John Walker (Wyatt Russell) ends on an equally frustrating note, though this is mostly a “we’ll deal with it later” problem, as we’ve seen in many Marvel things before, including WandaVision. I get that they don’t want to commit to him being a total bad guy, that the point of Walker is that he is a good man warped by a broken system, bent by the military industrial complex into a twisted shadow of Steve Rogers. But there was real cognitive dissonance in going from the previous episodes, in which he was treated as a straight up murderer, to seeing Bucky share a “well done” moment with him in this episode. It would be one thing for Bucky to let him go, recognizing that, like himself, Walker is not a lost cause. It’s something else entirely for Bucky to be friendly with the dude after everything that took place up to that point. That moment between Bucky and Walker feels less driven by earned motivation and more a product of simply needing to get Walker out of the story in a way that leaves his fate up in the air. Is he bad? Is he good? Well, he DID sign up to work for a mysterious woman dressed in black who gave him a blank black business card, and I feel like when that happens, your first question should be:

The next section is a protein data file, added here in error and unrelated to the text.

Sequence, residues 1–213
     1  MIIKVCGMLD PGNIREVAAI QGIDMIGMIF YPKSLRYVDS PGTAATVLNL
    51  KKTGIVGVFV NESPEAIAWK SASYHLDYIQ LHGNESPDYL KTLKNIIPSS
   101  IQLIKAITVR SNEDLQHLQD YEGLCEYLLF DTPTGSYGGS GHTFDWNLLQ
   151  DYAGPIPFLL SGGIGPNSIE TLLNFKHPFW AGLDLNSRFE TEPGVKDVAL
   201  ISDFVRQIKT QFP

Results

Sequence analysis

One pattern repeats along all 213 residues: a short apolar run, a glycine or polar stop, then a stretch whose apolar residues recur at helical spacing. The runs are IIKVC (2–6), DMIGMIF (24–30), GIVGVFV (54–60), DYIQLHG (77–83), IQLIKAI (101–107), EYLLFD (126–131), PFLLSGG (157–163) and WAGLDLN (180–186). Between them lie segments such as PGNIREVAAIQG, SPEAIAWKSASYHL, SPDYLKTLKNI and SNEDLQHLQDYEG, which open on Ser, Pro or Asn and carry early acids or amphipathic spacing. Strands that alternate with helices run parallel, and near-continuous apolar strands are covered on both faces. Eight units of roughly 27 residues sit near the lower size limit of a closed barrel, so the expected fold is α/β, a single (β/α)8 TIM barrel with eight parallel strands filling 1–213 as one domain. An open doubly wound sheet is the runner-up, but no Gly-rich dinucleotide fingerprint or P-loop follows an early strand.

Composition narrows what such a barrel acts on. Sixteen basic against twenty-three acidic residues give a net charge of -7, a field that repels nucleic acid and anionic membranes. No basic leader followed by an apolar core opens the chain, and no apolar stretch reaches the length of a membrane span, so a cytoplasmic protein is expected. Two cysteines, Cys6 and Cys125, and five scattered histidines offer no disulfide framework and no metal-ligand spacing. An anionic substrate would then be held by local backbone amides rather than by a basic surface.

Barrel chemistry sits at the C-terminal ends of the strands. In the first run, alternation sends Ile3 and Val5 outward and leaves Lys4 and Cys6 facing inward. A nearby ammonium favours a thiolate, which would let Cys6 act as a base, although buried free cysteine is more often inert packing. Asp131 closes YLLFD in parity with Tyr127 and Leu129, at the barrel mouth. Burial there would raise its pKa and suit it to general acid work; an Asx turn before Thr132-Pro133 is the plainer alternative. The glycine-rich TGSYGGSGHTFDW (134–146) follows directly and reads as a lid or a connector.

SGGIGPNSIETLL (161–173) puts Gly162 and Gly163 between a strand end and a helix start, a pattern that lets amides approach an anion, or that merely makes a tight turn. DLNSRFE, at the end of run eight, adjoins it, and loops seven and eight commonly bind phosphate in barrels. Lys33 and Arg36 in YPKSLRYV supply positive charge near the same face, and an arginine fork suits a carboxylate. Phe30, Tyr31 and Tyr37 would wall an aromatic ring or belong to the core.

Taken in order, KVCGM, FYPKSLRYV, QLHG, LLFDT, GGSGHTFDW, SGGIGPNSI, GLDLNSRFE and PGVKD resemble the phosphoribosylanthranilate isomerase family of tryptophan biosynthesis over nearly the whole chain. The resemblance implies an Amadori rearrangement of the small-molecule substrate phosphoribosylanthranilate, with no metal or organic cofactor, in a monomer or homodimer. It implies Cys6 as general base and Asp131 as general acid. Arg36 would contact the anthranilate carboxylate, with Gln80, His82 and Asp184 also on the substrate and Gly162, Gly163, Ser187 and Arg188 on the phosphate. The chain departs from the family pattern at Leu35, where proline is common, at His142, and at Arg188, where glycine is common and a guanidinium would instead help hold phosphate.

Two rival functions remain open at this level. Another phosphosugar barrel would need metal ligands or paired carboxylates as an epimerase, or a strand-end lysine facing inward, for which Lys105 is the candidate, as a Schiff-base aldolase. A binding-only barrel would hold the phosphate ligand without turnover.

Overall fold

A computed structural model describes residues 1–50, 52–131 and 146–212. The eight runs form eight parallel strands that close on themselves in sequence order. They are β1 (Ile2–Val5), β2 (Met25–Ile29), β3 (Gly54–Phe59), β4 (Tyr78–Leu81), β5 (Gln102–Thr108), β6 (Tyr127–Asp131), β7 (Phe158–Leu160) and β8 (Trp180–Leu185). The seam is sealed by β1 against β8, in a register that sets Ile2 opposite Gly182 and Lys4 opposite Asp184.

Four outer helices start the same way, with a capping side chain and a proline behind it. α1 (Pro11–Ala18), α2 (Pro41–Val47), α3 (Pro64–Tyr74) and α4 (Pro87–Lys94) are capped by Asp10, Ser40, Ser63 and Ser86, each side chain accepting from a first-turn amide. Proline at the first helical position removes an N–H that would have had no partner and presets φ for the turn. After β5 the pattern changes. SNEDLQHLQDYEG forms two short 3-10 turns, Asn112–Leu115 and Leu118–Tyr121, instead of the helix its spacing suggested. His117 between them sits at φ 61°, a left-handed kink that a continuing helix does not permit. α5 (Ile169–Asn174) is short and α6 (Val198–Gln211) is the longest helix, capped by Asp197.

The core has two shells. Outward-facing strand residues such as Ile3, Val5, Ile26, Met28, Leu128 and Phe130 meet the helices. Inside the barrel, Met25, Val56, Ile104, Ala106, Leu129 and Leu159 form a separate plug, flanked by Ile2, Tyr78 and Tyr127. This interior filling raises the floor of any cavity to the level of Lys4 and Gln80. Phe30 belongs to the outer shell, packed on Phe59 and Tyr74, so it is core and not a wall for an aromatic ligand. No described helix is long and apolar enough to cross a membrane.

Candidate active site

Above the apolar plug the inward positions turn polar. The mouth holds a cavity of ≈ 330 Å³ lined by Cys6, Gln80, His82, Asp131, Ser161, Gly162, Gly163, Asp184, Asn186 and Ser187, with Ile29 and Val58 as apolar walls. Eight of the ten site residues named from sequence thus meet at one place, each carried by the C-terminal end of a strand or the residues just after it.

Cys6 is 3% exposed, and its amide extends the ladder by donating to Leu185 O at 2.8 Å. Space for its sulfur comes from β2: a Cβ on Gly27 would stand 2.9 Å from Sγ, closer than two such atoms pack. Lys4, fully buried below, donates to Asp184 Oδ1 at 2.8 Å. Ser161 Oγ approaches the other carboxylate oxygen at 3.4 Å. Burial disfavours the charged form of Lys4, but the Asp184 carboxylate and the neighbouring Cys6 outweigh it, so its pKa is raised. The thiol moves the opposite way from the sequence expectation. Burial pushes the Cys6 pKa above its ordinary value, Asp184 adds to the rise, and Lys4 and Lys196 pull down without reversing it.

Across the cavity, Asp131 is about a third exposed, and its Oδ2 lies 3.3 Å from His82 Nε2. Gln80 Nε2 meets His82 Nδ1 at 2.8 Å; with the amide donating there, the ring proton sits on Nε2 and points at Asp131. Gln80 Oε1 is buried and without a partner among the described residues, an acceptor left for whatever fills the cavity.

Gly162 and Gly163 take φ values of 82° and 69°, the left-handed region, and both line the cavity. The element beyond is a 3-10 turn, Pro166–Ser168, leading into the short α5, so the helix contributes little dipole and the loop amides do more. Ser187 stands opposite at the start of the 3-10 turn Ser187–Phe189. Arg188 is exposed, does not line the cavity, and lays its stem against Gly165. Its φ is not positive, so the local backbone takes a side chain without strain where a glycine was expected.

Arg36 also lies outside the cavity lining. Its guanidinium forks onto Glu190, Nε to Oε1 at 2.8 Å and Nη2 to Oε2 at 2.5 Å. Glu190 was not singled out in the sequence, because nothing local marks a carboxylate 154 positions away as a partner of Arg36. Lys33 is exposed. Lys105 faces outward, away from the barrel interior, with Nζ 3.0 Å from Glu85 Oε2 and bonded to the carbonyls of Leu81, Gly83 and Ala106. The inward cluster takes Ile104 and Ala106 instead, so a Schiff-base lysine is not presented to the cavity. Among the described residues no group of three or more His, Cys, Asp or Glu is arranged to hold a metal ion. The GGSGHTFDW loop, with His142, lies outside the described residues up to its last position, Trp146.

But I guess we’re supposed to pretend like there’s a chance Walker isn’t, at least for now, on the wrong side of things because Bucky was nice to him once. I’m just so frustrated by Falcon. WandaVision was able to overcome its flaws because the parts of it that worked, worked REALLY well, and it made both Wanda and Vision feel like fuller, more complete characters in the MCU. It did such a good job of that, it even makes Wanda’s previous, underdeveloped appearances in Marvel movies feel more important than they actually are in the moment. Falcon does not do the same here. Sam Wilson, at least, shows some potential as a future leading man of Marvel and main Avenger. 


Bucky Barnes, though, despite Sebastian Stan’s incredible performance, remains a cipher. He’s only ever as emotionally troubled as he needs to be in any given scene, his arm is only as indestructible as it needs to be for the next stunt, his spy skills are legendary until they’re not—we’ll talk about Sharon Carter in a separate post—and we still don’t have any real sense of who he is without Captain America (any Captain America). Far from feeling these characters have been kickstarted into a new phase of storytelling, it feels like we’re still treading water. The promise of a fourth Captain America movie from the showrunner of this series is not the enticing boon Marvel thinks it is, given how wildly uneven The Falcon and the Winter Soldier is. There is hope for Sam Wilson, at least, that a better told story could make him the star of the show. But just send Bucky to space already. Get him all the way away from the Avengers and maybe he’ll finally become a real character.